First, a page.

International students transition to small-town Simpson

by Zoe Seiler, Staff Reporter

INDIANOLA, Iowa — Students across the world are encouraged to study abroad during their college career to experience different cultures or learn another language.

Simpson College offers many exchange programs with various universities in countries such as Australia or Tahiti.

Simpson has several international students on exchange this semester, including senior Grace Cunningham and junior Laura Haddad, both of Australia, and sophomore Chloe Amchi, of Tahiti.

“When you apply for exchange process in Adelaide, you get a few different options, so you can choose three or four universities. Simpson was one of mine,” Cunningham said.

For many international students, this is their first time experiencing life on a small campus and getting to know each other.

“[Simpson is] a lot smaller than our university in Australia,” Cunningham said. “We have about 40,000 to 50,000 students spread over a couple (of) campuses. Where we go to classes we go home. We don’t hang around at school.”

“We didn’t know each other, and we’re doing the same course,” Haddad said. “We had the same class together last semester and didn’t know each other until we started the exchange process.”

Cunningham and Haddad have enjoyed Simpson so far. They like the size of campus and easy access to buildings. They also enjoy getting to know everyone.

“My first preference was New York and NC State in North Carolina,” Cunningham said. “So I kind of wanted to go to a bigger school, but I’m glad I didn’t get into a bigger school. I like that you walk to Kent and you bump into three people you know.”

Sophomore Chloe Amchi is on exchange from the University of French Polynesia in Tahiti, a partner university with Simpson.

“I wanted to study abroad to practice my English. I want to work in management and something international and you have to speak in English,” Amchi said.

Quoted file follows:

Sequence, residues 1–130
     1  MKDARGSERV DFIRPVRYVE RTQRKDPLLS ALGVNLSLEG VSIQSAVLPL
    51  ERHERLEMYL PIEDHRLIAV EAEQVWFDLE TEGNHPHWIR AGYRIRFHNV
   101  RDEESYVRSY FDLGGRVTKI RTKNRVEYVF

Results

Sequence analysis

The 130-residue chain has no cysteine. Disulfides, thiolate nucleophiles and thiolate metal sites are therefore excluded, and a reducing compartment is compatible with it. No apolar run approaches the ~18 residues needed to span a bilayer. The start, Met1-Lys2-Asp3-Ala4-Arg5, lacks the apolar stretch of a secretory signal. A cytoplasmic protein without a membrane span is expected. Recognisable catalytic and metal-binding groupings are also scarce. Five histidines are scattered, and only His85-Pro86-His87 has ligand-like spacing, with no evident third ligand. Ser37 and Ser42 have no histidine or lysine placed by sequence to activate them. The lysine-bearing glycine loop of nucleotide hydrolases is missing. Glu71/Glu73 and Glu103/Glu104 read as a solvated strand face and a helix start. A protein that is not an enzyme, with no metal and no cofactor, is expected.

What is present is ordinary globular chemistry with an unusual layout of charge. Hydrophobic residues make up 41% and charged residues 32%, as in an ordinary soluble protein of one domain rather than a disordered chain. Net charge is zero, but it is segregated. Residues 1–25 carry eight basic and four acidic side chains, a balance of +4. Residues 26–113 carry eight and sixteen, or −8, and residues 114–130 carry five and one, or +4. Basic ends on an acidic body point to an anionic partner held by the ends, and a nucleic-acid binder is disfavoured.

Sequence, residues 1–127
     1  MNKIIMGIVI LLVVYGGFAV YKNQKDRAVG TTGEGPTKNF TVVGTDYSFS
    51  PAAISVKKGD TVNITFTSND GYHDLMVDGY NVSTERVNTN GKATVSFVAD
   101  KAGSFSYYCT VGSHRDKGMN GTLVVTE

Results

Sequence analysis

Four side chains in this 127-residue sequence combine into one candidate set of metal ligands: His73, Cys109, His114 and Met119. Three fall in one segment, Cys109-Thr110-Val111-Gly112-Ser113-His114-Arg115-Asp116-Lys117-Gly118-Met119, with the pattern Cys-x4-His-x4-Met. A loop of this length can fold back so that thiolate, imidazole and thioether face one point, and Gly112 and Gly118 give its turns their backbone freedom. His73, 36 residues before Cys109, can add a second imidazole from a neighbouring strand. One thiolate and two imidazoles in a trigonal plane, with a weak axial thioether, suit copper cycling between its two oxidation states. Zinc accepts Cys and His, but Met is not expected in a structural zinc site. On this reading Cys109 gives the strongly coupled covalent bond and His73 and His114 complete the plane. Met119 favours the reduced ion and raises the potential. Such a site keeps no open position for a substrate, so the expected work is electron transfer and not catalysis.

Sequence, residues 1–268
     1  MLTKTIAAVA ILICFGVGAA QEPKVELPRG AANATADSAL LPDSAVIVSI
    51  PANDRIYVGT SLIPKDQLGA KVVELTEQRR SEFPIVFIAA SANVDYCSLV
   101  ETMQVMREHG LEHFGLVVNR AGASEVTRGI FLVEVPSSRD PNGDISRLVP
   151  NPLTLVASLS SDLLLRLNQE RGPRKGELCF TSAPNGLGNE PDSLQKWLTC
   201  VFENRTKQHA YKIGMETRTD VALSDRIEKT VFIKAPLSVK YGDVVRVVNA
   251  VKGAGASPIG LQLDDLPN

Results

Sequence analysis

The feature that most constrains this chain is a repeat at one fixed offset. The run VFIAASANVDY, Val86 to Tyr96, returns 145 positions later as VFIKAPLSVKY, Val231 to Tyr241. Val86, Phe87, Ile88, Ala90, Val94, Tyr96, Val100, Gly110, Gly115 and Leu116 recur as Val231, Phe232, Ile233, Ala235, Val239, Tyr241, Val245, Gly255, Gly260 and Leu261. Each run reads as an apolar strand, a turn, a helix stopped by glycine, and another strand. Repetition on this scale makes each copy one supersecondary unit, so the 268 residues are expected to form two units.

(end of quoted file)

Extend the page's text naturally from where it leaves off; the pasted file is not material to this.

In Tahiti and Australia, students are in large lectures of about 200 students listening to a professor speak for about two hours. Classes usually only have one exam at the end of the semester.

So far, the transition has been easy for Cunningham and Haddad and the classes at Simpson have been similar to what they are used to.

Some classes, however, have a tutorial with either the professor or a student.

“The tutorials you have 10 to 15 people, a maximum of 20. They are just a revision of the lecture. It doesn’t go into much more detail,” Haddad said.

However, Simpson professors interact more with students and expect them to be engaged in class.

“We have Brian Steffen for Gender, Race, Class and Media, and I feel like he is a little bit more interactive,” Haddad said. “He asks students more questions. I feel like that’s more of the tutorial type we have at home. Compared to the other ones, I feel like it’s more of a lecture where the professor gives more of a theory-based, history-based information. It’s a little bit different in that setting, but apart from that, it’s similar.”

“The professors wait for participation, so that’s different,” Amchi said. “I’m used to a teacher speaking for two hours and here the teachers wait for answers.”

Amchi had to adjust to taking classes in another language. Her classes in Tahiti are taught in French.

“Teachers let me use my phone to translate sometimes. I can follow what the teachers say,” she said. “I have to concentrate for the whole hour. At the end of the class I’m tired. This is hard.”

Students also have to consider which Simpson classes will count for their major at their university.

“I have to choose my classes here because I have to make it match the classes I’m supposed to take in Tahiti. So I have to find what looks similar,” Amchi said.

Some of the international students experienced living on campus and with a roommate for the first time while at Simpson.

“My roommate situation was very different because I’ve never lived with anyone besides my family,” Haddad said. “I was lucky enough to be in a room with Val because we met here on exchange last semester. I was very happy with my roommate selections.”

“I like living on campus,” Amchi said. “It makes life easier. Everything is close to you. You can wake up later and go back easier to your place to work. You can just live on the campus.
You don’t really need to drive. I don’t have a phone number because I have Facebook and Wi-Fi everywhere.”

The international students said they are not enjoying the cold weather and being far away from a beach or a city.

“It’s a little more isolated,” Haddad said. “I’ve always lived in the suburbs of Adelaide and you’re only 15 minutes away from the city and a maximum of 30 minutes away from the beach. I miss being so close to the beach. It’s just so peaceful.”

“I had to buy online jeans and shoes because in Tahiti you wear flip flops and shorts,” Amchi said. “The first week I was really cold.”